On Saturday morning, the sound of the Christmas Carol “Silent Night” floated through the traffic and tourists near Trafalgar Square. A song usually associated with family gatherings and festive cheer was eerie to hear at an anti-war protest in spring.
The red, white and navy of the Union Jack mingled with the sky blue and corn yellow of the Ukrainian flag. Toddlers sat on their parent’s shoulders, teenagers held hands and gripped placards. Putin’s photograph printed as a mugshot was held high above the crowd. Others carried placards saying “Putin Terrorist” and “Protect Ukraine, Save Europe”. The energy of the protest was like none I had ever been to before. A sombre, emotional, and fiercely defiant crowd. As I approached, I felt the muscles tightening in my throat. People talked about their families, friends, and loved ones in Ukraine. They described waking two or three times a night to check their messages to see if their mothers, daughters, or siblings were still alive back home — whether they have vowed to stay and bravely protect their homeland, or whether they are desperate to escape.
The young woman leading the protest cried out to the people of Britain for solidarity. She wore the Ukrainian flag around her shoulders and held a microphone close to her mouth. Her blonde hair started to get soaked by the rain as she called out to us to “Stand with Ukraine” with a voice powerful, raw and heavy with defiance, and her fist high in the air. She shouted out over the crowd “Ukraine fights this war for you! It fights this war for the world. Because if we do not fight this war no one will be safe from Putin.”
The rally came on the 10th day of Moscow’s invasion of Ukraine, as the heavy bombardment of cities by Russian forces continues. It’s been ten days of watching horrific events unfold through our phones, laptops and TVs from a country that currently possesses the security of peace. Many of us have felt the need to act in the face of our powerlessness. From emptying our drawers of socks to send on trucks to Dover to signing petitions.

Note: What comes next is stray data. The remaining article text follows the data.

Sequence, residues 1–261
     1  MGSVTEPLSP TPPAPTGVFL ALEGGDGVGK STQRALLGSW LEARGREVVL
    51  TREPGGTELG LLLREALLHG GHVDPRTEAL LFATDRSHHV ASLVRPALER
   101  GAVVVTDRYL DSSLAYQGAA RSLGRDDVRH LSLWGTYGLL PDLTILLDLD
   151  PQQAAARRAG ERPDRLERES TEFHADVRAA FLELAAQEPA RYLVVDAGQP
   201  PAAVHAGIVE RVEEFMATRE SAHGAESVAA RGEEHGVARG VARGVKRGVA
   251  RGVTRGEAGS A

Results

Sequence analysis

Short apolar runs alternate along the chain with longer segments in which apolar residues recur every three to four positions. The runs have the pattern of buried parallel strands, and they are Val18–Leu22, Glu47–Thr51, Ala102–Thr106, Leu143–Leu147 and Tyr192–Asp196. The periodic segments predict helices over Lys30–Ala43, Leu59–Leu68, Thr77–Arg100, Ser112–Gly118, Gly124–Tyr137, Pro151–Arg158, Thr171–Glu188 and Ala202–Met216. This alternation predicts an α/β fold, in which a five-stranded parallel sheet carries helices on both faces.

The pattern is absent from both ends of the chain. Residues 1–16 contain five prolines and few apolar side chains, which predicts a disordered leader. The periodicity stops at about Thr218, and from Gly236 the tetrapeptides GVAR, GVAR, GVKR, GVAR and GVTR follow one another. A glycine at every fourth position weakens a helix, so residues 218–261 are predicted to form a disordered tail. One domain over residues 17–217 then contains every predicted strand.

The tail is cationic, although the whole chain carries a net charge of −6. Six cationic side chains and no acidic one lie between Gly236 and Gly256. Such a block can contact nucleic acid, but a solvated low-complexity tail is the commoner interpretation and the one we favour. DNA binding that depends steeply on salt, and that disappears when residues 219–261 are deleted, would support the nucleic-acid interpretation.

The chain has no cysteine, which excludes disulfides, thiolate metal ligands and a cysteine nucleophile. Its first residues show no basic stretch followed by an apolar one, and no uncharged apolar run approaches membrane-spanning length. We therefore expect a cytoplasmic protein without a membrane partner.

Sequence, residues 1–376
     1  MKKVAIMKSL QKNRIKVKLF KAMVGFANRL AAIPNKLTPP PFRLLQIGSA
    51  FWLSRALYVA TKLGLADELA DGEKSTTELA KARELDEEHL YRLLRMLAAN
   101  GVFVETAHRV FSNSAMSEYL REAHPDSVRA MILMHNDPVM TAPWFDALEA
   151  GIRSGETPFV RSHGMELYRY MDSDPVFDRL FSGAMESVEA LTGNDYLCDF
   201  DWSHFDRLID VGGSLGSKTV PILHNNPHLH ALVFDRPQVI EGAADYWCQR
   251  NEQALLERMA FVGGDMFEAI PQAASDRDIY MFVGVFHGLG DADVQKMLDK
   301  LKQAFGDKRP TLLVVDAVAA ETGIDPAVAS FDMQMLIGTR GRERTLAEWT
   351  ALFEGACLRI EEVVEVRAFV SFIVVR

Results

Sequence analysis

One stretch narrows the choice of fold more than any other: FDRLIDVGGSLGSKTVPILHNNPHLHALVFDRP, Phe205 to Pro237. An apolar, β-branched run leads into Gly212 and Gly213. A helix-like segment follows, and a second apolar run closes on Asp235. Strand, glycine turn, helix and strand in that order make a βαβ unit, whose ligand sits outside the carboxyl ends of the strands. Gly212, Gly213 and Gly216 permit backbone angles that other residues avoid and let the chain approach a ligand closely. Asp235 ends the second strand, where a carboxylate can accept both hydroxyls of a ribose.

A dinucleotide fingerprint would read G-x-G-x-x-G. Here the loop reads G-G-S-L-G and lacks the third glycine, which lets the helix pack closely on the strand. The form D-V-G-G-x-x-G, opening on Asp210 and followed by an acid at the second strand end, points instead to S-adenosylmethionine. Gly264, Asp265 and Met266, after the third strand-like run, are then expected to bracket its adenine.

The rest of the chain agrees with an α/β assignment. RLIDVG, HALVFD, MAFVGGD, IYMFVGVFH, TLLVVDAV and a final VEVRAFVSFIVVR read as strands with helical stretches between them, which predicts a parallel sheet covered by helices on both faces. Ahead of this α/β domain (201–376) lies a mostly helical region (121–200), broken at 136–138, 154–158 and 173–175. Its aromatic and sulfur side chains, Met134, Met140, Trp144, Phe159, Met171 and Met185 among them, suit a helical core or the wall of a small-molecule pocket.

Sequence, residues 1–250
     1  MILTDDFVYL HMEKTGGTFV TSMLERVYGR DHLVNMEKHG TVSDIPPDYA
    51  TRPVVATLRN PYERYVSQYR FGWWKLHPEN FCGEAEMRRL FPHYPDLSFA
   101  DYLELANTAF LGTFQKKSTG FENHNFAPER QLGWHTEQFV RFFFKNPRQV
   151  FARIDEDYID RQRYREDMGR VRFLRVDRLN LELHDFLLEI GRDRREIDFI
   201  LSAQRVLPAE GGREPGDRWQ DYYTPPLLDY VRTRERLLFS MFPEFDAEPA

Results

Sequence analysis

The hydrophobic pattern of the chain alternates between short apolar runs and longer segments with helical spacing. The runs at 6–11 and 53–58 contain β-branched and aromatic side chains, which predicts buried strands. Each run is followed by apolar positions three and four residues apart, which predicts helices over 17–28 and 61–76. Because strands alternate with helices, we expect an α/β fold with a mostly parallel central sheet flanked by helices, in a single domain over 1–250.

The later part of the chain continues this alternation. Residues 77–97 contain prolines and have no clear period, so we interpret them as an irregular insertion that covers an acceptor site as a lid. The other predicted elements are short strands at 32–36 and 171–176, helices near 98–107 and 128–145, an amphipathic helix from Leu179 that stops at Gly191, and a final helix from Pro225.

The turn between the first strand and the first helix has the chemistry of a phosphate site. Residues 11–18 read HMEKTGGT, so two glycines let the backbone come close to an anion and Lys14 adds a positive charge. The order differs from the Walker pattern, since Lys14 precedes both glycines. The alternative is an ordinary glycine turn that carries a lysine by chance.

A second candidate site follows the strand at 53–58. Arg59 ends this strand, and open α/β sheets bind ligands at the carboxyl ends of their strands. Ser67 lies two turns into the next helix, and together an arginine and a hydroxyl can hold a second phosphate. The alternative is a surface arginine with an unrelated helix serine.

In the midst of such massive injustice, what can we physically do? With so much noise, fragmented media coverage and overwhelming amounts of information, how do we know what we’re doing is right? Many would have us believe that marching and protesting has no value. But we saw the women’s march on Washington start one of the largest global movements in history. From George Floyd to Martin Luther King to Gandhi and beyond, feet on the street has meaning and power. This physical power and collective action are crucial now.
We are being gaslit daily by a government that will display a light show from the houses of parliament in the colours of the Ukrainian flag, all while they put blockages on refugees. We are shown the world through distorted political and media lenses that treat dialogue as pointless, justice as optional and truth as irrelevant. We stand on a sewer of Russian money that flows beneath the streets of our capital. Our protests hold leaders accountable for their actions, it can unite a global community, and it cuts through media propaganda. Now more than ever the assembling of the people is not only powerful, it’s essential.
How can we let the Ukrainians know that we physically stand with them? It is time to identify the values and principles we believe in and go into battle for them. That is why we protest.
The march on Saturday was a part of a global show of solidarity with Ukraine. Over 41,000 people demonstrated across the country in France. In the UK from Cambridge to Bristol, people took to the streets. In Zurich 40,000 protesters demanded peace, and across the Atlantic Ocean, several thousand people gathered in New York’s Times Square carrying Ukraine’s national flower, and calling to ‘Stop Russian terrorism’.
And on more dangerous soil, in Russia, over 8,000 people have been arrested at anti-war protests since the start of Russia’s invasion of Ukraine. And yet they protest. The crowds gather despite the fact that Russia passed legislation that imposes prison sentences of up to 15 years for those who criticize the war. We in the UK are fortunate enough to live in a democracy. If the Russians can hit the streets to fight for peace, and face prison, so should we.
Throughout the protest, the warning was clear, The banners displayed ominous statements, like “When the last Ukrainian soldier falls, Putin will come for you”. A journalist took the microphone and told the crowd that the young people of the surrounding nations, including Poland to Romania, have started to scrub their phones and social media, preparing themselves for Russian occupation.
As the protest continued, the chant of “Slava Ukraine!” grew stronger and more passionate. The world is watching, and we must take action even when our leaders do not. This is a global movement of support and a rallying cry for peace. We must march on because the fight of Ukraine truly is ours too. The night sky above Ukraine is no longer silent. And we must not stay silent either.